In my last post I wrote about the idea that no matter what happens to us, it is a part of God’s wonderful plan for our lives. I touched on my problems with that idea. Since then, I’ve come across a blog by Kate Bowler, author of the book, Everything Happens for a Reason, and Other Lies I’ve Loved. I like her ideas so much that I’ve ordered her book, joined her book club, read her blogs, and watched several of her presentations on U-Tube. She is such a wonderful writer that she says what I want to say, only in a much more interesting and winsome way. (You can find a link to some of the things I watched below this blog.)
One of my favorite plays/movies is Fiddler on the Roof. In the movie, Tevye blames God for anything and everything that happens. When his horse goes lame, he asks God, “What did you have to do that for?” then he mutters, “What did she ever do to you?” One song, from the movie, that I love is, If I Were a Rich Man. At the beginning of the song, Tevye is, as usual, talking to God. He starts out, “Dear God, you made many, many poor people. I realize, of course, that it’s no shame to be poor, But it’s no great honor, either. So, what would have been so terrible if I had a small fortune?” After singing the litany of the many blessings of being wealthy, Tevye finishes the song with a question, “Lord who made the lion and the lamb, You decreed I should be what I am, Would it spoil some vast, eternal plan, If I were a wealthy man?” italics mine. When the Russian Leadership drive the Jews from their homes, villages, and country, Tevye and his family, makes their way to the United States. This play was written in the early 20th century and I would expect that, if this were an historical story, he would become wealthy beyond what was possible in Russia. Did he then Thank God for the persecution that drove him to America?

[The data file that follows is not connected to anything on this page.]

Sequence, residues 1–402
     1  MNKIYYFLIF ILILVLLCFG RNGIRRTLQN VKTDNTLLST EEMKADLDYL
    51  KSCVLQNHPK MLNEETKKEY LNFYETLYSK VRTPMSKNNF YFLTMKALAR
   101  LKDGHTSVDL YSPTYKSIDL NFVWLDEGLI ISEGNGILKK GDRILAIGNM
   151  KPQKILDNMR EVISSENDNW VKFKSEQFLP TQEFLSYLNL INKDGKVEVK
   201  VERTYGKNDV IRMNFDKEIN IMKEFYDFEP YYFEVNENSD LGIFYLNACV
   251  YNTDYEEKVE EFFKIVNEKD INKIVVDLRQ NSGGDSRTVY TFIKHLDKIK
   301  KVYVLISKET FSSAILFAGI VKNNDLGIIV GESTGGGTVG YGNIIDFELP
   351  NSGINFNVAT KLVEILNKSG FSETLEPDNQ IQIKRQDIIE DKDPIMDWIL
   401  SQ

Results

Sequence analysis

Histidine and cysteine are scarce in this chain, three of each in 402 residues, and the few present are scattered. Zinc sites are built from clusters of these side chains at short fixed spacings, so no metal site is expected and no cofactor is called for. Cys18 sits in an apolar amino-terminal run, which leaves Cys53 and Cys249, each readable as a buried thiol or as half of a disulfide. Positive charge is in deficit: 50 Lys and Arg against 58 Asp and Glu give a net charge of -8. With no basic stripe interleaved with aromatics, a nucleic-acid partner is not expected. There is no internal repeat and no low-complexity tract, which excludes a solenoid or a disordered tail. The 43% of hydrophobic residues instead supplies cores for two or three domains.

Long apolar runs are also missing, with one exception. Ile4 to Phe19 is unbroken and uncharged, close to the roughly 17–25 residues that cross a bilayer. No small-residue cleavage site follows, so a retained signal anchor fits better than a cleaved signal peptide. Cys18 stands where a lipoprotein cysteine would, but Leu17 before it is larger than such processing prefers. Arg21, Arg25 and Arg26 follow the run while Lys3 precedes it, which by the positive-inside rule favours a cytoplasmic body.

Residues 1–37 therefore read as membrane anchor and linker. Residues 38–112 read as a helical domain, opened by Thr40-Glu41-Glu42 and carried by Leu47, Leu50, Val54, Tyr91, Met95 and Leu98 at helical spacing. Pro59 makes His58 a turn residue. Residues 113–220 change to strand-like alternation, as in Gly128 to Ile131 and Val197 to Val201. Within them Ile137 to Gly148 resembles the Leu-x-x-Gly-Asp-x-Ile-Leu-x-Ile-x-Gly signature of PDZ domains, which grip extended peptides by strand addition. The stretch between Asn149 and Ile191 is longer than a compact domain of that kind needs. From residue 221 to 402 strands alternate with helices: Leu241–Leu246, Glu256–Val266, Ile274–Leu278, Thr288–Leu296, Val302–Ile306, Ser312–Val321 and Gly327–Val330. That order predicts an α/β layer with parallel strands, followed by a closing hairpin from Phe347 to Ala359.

The problem I have, with the idea that everything that happens in this world is just a part of God’s wonderful plan is that it makes God the author of evil and ignores the part that human freedom, and demonic forces, plays in our lives. For example, let’s say a woman is raped and gets pregnant. Was the rape fate, human freedom gone amok, or God’s plan for this poor woman? If everything happens for a reason, what reason can we think of for the rape of this poor woman? People who look for the reason behind every tragedy will usually find a way to blame the woman. She was raped because: she dresses seductively, she came on to him, she was in the wrong part of town, she was asking for it, etc. In some cultures, not only will she be blamed, she will also be divorced, and wind up an outcast who lives a life of shame. Thanks God, wonderful plan.
When I look at a crucifix and see what Jesus did out of love for us, I know without a doubt, that no matter what we go through God loves us. St. Paul assures us that this is true, “35 Who shall separate us from the love of Christ? Shall tribulation, or distress, or persecution, or famine, or nakedness, or peril, or sword? … For I am sure that neither death, nor life, nor angels, nor principalities, nor things present, nor things to come, nor powers, 39 nor height, nor depth, nor anything else in all creation, will be able to separate us from the love of God in Christ Jesus our Lord.” (Romans 8:35, 38-39) I love the fact that this idea didn’t come from some ivory tower philosopher. St. Paul went through a lot of horrible experiences during his ministry, and still he writes like that.